The Government was fearful of the cost implications of sanctioning a €3.20 work-from-home allowance during the pandemic.
mails reveal some civil servants complained they were being hit with enormous mobile phone and broadband bills.
The Department of Public Expenditure had been contacted by the Revenue Commissioners asking whether employees could be reimbursed for costs incurred from having a home office.
"The type of expenses may include wi-fi, phonecalls, electricity, equipment costs [if equipment was purchased by them, accommodation etc]," a Revenue official said.
In emails discussing a response, Public Expenditure officials said it needed to be made clear there would be no standard allowance available for such costs. "Clearly, we won't be paying these in the crisis," said one civil servant in an email.
In a later email, the department said civil service staff should be reminded they were not authorised to incur any expenses without prior approval from their manager.
However, it said it was open for people to make a claim to Revenue at the end of the year for costs incurred in setting up a home office.
The Data Protection Commissioner also contacted the department saying it had been receiving a growing number of queries about extra costs and "limits on access" due to remote working.
The Central Bank also looked for clarity on payment of an allowance and also flexibility where parents were unable to work due to childcare arrangements.
Later emails reveal discussions were taking place over what would happen if employees had to buy specific equipment to allow them to work from home.
One senior official wrote: "We're clear that public service employers will not be paying the €3.20 daily allowance to staff.
"However, I think the question of reimbursing staff who make investments in equipment, have to use the data plan on their personal smartphone to carry out work, etc, is still open."
A colleague responded: "I think this is an issue we'll have to move carefully on given work from home arrangements are going to be the norm for the foreseeable."
A spokeswoman for the department said an FAQ had been published making clear a daily allowance would not be paid and how it was open for people to make claims to the Revenue.
"Any claim in this regard is solely a matter for the individual concerned," she said.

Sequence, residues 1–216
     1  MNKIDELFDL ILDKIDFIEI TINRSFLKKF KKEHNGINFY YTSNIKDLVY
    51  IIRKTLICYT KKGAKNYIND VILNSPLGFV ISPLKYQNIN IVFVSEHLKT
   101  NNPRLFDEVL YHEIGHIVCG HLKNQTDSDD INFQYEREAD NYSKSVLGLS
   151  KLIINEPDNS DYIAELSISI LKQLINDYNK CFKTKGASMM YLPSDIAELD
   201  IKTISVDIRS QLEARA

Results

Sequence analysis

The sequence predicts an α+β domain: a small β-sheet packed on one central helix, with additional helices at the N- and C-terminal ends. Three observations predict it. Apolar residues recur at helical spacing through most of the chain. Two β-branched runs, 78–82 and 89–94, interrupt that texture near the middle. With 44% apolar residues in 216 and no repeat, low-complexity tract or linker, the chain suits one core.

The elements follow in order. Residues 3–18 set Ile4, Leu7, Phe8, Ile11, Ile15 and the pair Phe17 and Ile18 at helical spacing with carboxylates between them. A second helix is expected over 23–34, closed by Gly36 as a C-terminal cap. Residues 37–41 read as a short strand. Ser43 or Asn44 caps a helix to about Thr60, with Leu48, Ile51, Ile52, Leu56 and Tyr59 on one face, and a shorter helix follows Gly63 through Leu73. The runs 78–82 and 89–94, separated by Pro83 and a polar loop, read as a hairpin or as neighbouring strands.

Meanwhile, unions have said workers should not be forced to carry the cost of working remotely for their employers.
The Irish Congress of Trade Unions called for the voluntary payment that employers can make to staff working from home to be made mandatory.
Congress also wants the Government to commit to a review of employment legislation to ensure protections are fit for purpose for remote working in the post-pandemic world.
Thousands of people have been forced to work from home since March due to the coronavirus pandemic. Some may not be able to return to their former workplace for months.
Revenue allows people working from home to be paid €3.20 per day in expenses by their employer, if duties are being performed within normal working hours.
That works out at €16 a week. Over a year, it works out at close to €800. However, it is paid at the discretion of the employer.
Irish Congress of Trade Unions (ICTU) social policy officer Laura Bambrick said working from home suits some people, but for other workers the mass home-working experiment has been fraught.
Higher utility and broadband costs are among the most common complaints reported to trade union reps, she said.
Dr Bambrick said: “Remote workers should not have to carry the cost of doing business, whether in the form of higher household bills or the daily desk charge at a digital hub.
“ICTU is calling for a review of the adequacy of the €3.20 tax-free daily expense allowance paid by employers to homeworkers, and for payment of this allowance to be made mandatory.”
More than 100,000 people already worked from home before the Covid-19 outbreak, but this number is thought to have spiralled since Covid-19 hit.
Employment legislation needs to be updated to protect remote workers, ICTU said.
Speaking ahead of the publication of the union’s guidance for workers working from home, Dr Bambrick said: “Workers’ hard-won rights must be preserved when working from home.”
She said protections need to keep pace with changes in ways of working, and gaps in law closed.
What is urgently needed is a more ambitious public consultation on remote working than that recently launched by the Department of Business, she added
“Many workers have expressed an interest to continue remote working.
“However, unlike workers across the EU, in the UK and Northern Ireland, Irish workers have no legal right to work flexibly, including working from home. Under current law remote working is solely at the discretion of the employer.”
Trade unions said that when implemented in the right way, flexible and remote working can really improve people’s working lives, make them happier and more productive.
ICTU said this is the reason it is calling for a change in the law to give every worker the legal right to request flexible working and for employers to be required to give the request serious consideration.
The union body said a statutory right to request flexible working would require bosses to deal with workers’ request in a reasonable and considered manner.
The working-from-home guide is at ictu.ie.